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Is San Jose the Asian American Heartland?

he San Jose metro area is only fourth in the size of its Asian population, but it's a place of key firsts for Asian Americans. In 1971 its mostly white citizens elected Norman Mineta the first Asian mayor of a major mainland U.S. city. In 1974 the same voters made Mineta the first AA congressman from a mainland district. Three years later Roy Kusumoto helped kick off Santa Clara County's transformation into Silicon Valley by founding Solectron, a Milpitas company that would go on to become the first AA business to pass the $10 billion annual revenue mark. During the past two decades the Valley's Asian tech entrepreneurs and engineers spearheaded the nation's fastest AA population growth among major metro areas. Today Asians make up over 500,000 of the area's 1.7 million for a 29.4% share, tops among mainland metro areas.
San Jose
Asian American Heartland?

     Santa Clara Valley wasn't always so hospitable to Asians. In 1887 its early Chinatown of about 2,700 was lost to a suspicious fire. Most locals wanted the Chinese out of San Jose, and were angered when John Heinlen built brick structures around Fifth and Jackson and leased the space to Chinese. "Heinlenville" became the city's Chinatown until 1931 when it fell into disuse due to a dwindling Chinese population. The only structure spared the wrecking ball was a quasi-religious hall. Ng Shing Gung was eventually restored in 1991 to serve as a historic landmark.
     Japanese immigrants began settling in San Jose toward the end of the 19th century. They built their wooden shops and boarding houses alongside the Heinlenville Chinatown. Japantown's prospects brightened in 1907 when the bachelor field workers were allowed to bring over wives under the so-called Gentleman's Agreement. The Japanese population quickly surpassed the Chinese. But in 1921 all female Asian immigrants were again banned. The most devastating setback, however, came in 1943 when the area's 3,000 Japanese were evacuated to Heart Mountain in Wyoming. Japantown's 53 business owners lost 97% of their property value. Still, 40 businesses returned to Jackson Street after the evacuation order was rescinded in 1944.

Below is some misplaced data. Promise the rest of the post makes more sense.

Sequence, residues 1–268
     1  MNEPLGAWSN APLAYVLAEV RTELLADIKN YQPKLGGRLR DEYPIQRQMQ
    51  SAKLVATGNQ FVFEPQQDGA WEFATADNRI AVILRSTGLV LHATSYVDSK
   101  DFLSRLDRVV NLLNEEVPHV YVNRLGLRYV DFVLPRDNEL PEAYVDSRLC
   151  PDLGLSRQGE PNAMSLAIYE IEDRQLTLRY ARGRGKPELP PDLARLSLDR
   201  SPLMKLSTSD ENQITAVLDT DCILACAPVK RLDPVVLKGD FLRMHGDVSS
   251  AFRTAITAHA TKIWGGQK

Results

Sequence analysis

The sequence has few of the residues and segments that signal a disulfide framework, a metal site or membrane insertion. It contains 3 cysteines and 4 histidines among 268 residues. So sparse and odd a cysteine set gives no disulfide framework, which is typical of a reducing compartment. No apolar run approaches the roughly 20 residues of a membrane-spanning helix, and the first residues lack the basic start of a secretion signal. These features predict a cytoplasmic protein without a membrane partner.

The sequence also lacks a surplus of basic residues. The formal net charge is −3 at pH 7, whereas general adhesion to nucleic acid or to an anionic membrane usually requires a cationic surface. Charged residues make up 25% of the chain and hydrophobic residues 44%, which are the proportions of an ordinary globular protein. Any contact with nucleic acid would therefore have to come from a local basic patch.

Santa Clara County's Asian population saw little growth during the first two postwar decades. The big influx began in the 1970s when the nascent tech boom created a demand for math-literate Chinese and Vietnamese engineers as well as unskilled refugees willing to do minimum-wage assembly. Today the area's biggest population boom is among the Vietnamese population. It is now served by four newspapers, three radio stations and a TV station. A vibrant Little Saigon along Tully Road has surpassed the Jackson Street Japantown as San Jose's most visible Asian concentration. But the long history of the area's Chinese and Japanese settlers have left an indelible imprint on the area's culinary scene. The area claims 76 Chinese and 35 Japanese restaurants. But the number of Vietnamese restaurants is already approaching 20. There are also 11 Indian, 7 Thai, 5 Corean and 2 Filipino restaurants.
     Today the most visible role played by the area's Asians is helping to keep Silicon Valley the center of global IT innovation. The likes of Pehong Chen, Bing Yeh and Jerry Yang have sweated through the tech downturn while repositioning companies like Broadvision, Silicon Storage Tech and Yahoo! for the long post-bubble runup into a wireless broadband world. In the process they are moving Asian Americans into a more central role in America's future, possibly in the way immigrant filmmakers ultimately moved Jews into the cozy center of the global mass media.
     One measure of AA success may be the fact that they live in towns like Saratoga, Mountain View, Los Altos Hills where average home values rival Hollywood bedroom communities like Beverly Hills, Bel Air and Malibu. Another may be the fact that in recent years the names of Silicon Valley Asians have been popping up in the serious media as frequently as those of Hollywood Jews. No exact figures are available but inside estimates put Asians at 20% of Silicon Valley's upper management and 40% of its professional and technical work force.
     So is Santa Clara Valley the closest thing we have to an Asian American heartland? Or is it just another fleeting boomtown with too many nouveau riche Asians?

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(Updated Tuesday, Apr 1, 2008, 05:56:48 PM)

San Jose is an extremely Asian friendly city. There are many districts in San JOse that have heavy Asian populations - I mean 30% and higher. Not to mention some of the surrounding towns (Cupertino, Milpitas). There are very few places in the whole county where an Asian restaurant is more than a 5 minute drive away. And frequently a 5 minute drive will take you past your choice of a dozen or more Asian restaurants. And how about all those Asian shopping centers that are springing up in Milpitas and East San Jose.

TSJ, I'm not sure if the "Asian friendly" character is due to numbers, though. I think Silicon Valley just attracts the type of folks who are open to different ideas and different types of people.

In Asian-American Studies at SJSU, Dr. Lou (is he still there?) said that that resentment and racism often starts when the numbers of the minority population grow large (I guess that's when the natives start to feel threatened). And the Asian population of Silicon Valley is quite large!
MTSO (formerly Just Me)
   Friday, April 26, 2002 at 23:56:28 (PDT)